Some birds sing pretty songs, others are familiar garden guests, and not a few charm us with bright and beautiful colors. Then there are the hummingbirds; shining, tiny, fairy-like creatures that merit a category of their own.
Most folks from North America are familiar with one or two hummingbird species that visit their gardens, and more species visit feeders in the southwest but when you reach Costa Rica, there are 50 plus species on the list! That’s like having more than 50 hummingbird species to choose from in the state of West Virginia. Although you won’t find all of them in the same place, and a few are a bit too scarce to even wish for a sighting, you can easily see 30 to 40 species of hummingbirds on a trip to Costa Rica.
One of the best things about hummingbirds is their affinity for sugar water and flowering bushes. Such feeders, natural or otherwise, make it much easier to see and photograph hummingbirds in many parts of Costa Rica. Visit feeders in such cloud forest sites as Monteverde, Cinchona, Cocora, and the La Paz Waterfall Gardens and you could see anywhere from 6 to 12 species. including such stunners as Violet Sabrewing, Green-crowned Brilliant, Coppery-headed Emerald, and Purple-throated Mountain-Gem.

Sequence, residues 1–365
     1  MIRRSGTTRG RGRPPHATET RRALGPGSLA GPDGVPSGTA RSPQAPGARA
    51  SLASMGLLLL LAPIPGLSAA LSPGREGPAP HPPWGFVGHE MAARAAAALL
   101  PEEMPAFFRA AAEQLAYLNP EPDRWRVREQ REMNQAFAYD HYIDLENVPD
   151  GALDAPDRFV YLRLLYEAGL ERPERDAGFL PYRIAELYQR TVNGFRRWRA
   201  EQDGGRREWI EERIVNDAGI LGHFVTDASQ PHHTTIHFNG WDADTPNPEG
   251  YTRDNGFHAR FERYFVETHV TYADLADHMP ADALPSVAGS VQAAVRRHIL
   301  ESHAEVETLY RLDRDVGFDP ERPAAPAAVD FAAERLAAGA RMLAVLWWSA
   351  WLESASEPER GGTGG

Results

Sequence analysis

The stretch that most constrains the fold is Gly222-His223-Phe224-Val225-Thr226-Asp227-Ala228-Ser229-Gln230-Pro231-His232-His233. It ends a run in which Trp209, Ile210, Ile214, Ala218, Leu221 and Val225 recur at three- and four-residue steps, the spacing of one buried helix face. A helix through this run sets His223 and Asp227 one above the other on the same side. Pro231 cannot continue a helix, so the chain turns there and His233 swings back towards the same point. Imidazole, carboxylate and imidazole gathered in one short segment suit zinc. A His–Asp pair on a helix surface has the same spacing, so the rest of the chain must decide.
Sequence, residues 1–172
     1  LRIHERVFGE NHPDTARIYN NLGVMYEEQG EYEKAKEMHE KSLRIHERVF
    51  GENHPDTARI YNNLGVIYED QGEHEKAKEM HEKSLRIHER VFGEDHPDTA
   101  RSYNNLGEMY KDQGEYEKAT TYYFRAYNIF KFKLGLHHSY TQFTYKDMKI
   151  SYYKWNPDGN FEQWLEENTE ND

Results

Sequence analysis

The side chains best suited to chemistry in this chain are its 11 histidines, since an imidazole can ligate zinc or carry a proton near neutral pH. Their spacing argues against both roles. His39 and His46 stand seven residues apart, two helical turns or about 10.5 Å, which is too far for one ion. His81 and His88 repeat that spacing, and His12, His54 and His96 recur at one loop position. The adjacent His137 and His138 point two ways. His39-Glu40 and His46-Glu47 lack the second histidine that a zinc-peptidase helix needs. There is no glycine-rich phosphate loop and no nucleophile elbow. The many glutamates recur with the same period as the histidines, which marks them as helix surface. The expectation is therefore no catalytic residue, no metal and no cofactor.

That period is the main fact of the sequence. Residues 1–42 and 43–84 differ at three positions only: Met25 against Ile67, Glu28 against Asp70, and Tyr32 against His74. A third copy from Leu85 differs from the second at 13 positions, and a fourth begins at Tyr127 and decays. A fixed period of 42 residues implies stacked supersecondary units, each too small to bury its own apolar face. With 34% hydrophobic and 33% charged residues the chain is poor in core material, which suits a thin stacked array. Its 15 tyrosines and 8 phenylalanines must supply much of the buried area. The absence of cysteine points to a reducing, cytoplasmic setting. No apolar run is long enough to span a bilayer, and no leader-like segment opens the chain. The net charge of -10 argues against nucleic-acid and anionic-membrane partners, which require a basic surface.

Visit the Nature Pavilionand other lowland sites and you can be entertained by the antics of Rufous-tailed Hummingbird, White-necked Jacobin, Bronze-tailed Plumeleteer, and hermit species.
Watch birds in and near your hotel garden when staying near Manuel Antonio National Park and other sites in the Pacific lowlands and you might get shots of Blue-throated Goldentail, Charming Hummingbird, Scaly-breasted Hummingbird, Steely-vented Hummingbird, or even Long-billed Starthroat.
In the dry lands of Guanacaste, flowering bushes and trees will have Canivet’s Emerald, Plain-capped Starthroat, and Cinnamon Hummingbird.
There will be hummingbirds just about everywhere you look, just make sure you bring your binoculars, a birding appto identify them, and extra memory cards to document the avian spectacle!